The biggest threat to your SaaS business’ success? Churn.
MRR Churn threatens your Monthly Recurring Revenue by losing users and dollars through cancellations and delinquent charges. Correctly tracking your MRR Churn will allow your team to create a better product, market it more effectively, and gain momentum through compounding growth.
Successful SaaS businesses understand and calculate MRR Churn properly and ultimately use that information to reduce churn and increase their revenue.
To help you join the ranks of the successful, let’s walk through why MRR Churn is so important, how to calculate it, and ways you can optimize MRR Churn for growth.
What Is MRR Churn and Why Should You Care
To sum up MRR Churn in one sentence - MRR Churn is the monthly erosion of your SaaS monthly recurring revenue. You can define the metric as an absolute dollar amount (-$40,256 MRR) or as a percentage, which is more useful and much more actionable (-6.34%) to track over time.
Why understanding your MRR Churn is so important?
MRR Churn’s importance exists in two main areas - product and finance.
Product should constantly be optimizing to reduce the MRR Churn Rate: The product team should focus on reducing the MRR Churn Rate every single month. Churn is a key indicator about the value of the product and its features. If product does their job well, the rate of active cancellations should get to $0 monthly.
MRR Churn is a critical financial metric influencing MRR velocity: Your finance and operations team need to to know MRR Churn in order to see how much MRR is being lost. This allows them to model and predict finances including your Profit and Loss and burn rate. Tracking MRR Churn overtime will give them insight into how to hire and scale when customer acquisition grows rapidly.
"Not tracking MRR Churn is like flying a plane with your fuel tank on fire."
What do you include in MRR Churn - Only the MRR leaving your business
More specifically (and digging deeper), MRR churn is the sum of all of the MRR that was lost in a given period. You lose accounts in two main ways:
Active cancellations: These are the customers who actively choose to cancel their accounts for a number of reasons (didn’t like the product, can’t afford it anymore, etc.).
Delinquent cancellations: These are customers who officially churn after you are unable to bill their credit cards. Typically you don’t count them as officially churned until your billing system has attempted to complete the charge a number of times over a number of days.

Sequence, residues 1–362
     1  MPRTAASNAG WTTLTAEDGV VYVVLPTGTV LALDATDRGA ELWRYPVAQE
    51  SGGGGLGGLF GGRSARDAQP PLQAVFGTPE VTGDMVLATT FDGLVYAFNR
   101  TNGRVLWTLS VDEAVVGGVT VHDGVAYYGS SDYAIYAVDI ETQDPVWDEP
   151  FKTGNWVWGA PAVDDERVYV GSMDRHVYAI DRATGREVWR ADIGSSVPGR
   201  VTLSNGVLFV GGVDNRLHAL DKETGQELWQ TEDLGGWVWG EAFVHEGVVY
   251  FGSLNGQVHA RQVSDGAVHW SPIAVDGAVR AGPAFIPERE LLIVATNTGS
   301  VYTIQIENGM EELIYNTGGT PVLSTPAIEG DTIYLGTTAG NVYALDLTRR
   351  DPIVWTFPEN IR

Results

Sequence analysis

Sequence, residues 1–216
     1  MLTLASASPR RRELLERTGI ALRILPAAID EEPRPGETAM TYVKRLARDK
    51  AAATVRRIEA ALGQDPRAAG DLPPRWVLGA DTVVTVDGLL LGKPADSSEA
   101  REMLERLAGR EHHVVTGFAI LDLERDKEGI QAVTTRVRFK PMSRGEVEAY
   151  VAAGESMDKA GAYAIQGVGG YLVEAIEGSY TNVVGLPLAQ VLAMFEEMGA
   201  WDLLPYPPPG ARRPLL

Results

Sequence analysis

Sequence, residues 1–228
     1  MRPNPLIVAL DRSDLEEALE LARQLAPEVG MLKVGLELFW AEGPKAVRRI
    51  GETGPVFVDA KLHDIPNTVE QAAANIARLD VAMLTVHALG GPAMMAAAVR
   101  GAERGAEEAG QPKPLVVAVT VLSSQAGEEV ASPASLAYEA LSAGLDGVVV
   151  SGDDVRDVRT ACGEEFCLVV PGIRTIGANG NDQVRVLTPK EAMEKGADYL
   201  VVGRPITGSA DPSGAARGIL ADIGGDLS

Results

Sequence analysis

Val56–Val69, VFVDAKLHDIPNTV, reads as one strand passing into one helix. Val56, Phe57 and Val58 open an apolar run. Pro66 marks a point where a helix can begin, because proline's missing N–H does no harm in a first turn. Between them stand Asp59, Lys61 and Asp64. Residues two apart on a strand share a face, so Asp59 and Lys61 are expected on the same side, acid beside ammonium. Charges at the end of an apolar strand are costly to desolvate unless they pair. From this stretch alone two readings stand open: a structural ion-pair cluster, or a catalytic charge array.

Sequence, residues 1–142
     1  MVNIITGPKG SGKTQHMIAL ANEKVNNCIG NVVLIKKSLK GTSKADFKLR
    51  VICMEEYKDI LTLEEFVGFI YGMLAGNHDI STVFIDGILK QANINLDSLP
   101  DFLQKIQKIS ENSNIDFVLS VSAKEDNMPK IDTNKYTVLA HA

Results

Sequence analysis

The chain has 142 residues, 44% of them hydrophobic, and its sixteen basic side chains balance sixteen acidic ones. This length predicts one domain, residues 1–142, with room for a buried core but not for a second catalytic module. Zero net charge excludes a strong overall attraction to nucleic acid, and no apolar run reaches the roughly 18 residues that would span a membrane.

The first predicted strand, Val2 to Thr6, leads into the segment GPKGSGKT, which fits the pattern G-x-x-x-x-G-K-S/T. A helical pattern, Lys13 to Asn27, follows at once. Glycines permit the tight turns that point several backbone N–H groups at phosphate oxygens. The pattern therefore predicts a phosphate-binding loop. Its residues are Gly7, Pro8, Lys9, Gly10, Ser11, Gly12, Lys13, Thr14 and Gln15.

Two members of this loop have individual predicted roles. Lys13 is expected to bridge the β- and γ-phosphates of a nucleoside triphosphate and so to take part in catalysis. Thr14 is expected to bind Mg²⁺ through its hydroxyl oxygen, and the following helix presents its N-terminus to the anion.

What should you not include in MRR Churn - Upgrades, Downgrades, and Refunds
There’s a debate in the SaaS community whether or not you should include expansionary and contractionary MRR (upgrades and downgrades) in this calculation. The problem with doing this is you begin to mask the gross MRR that’s leaving your business and the momentum at which it’s leaving.
This is why you should not include these aspects of MRR in this calculation, and instead look to your Retention MRR as the “God” metric for retention revenue. As a result, MRR churn then allows you to know exactly the amount and rate at which cash is actively leaving your business to optimize accordingly.
Ok, so how do I calculate MRR Churn?
Calculating MRR Churn and your MRR Churn Rate is actually fairly straight forward. Here are some formulas to help:
MRR Churn: Here we simply add up all of the MRR lost from cancelled accounts and delinquent accounts in a given time period. This gives us the MRR Churn for that given period.
MRR Churn Rate: Here we’re simply taking the MRR Churn over a given period and comparing it over a previous period. As such, if we lost $1000 in MRR in June and brought in $10000 in MRR in May, then our MRR Churn Rate would be 10%.
What Are Four Ways You Can Reduce MRR Churn?
MRR Churn and its respective rate are designed to help you optimize and strengthen the areas that are causing customers to churn. In that realm, here are a number of the main axes to focus on to reduce this number as much as possible.
Implement a delinquent credit card dunning system: We’ve found that across SaaS roughly 20-40% of MRR churn is actually because of failed credit cards. That’s an enormous piece of low hanging fruit given it is simply a customer’s expired credit card. Simply putting a system in place to recover these numbers is immensely valuable. Shameless plug that ProfitWell has a system for this that you can set up with one click.
Increase your active users: This is easier said than done, but a lot of active cancellations come from individuals who don’t get hooked into habitually using your product. When they see an invoice for something they aren’t using, then they’ll have a higher propensity to cancel.
Fix your pricing: We’ve found through our pricing strategy research at Price Intelligently that improper pricing heavily influences why folks churn out. After all, if you’re aligning your product to the value that a persona sees in the product, you shouldn’t be losing those customers. Read more on value based pricing here.
Run Churn Loss Surveys and Conversations: There are likely a plethora of main reasons folks are churning, from missing features to bad support experiences. You should have a product development process in place for identifying these reasons. Churn surveys work well for many SaaS companies. These surveys ask customers to choose the biggest reason they’re churning and the smallest reason they’re churning. These are exceptionally powerful because they end up allowing you to pinpoint your biggest areas of opportunity. Read more about relative preference campaigns here.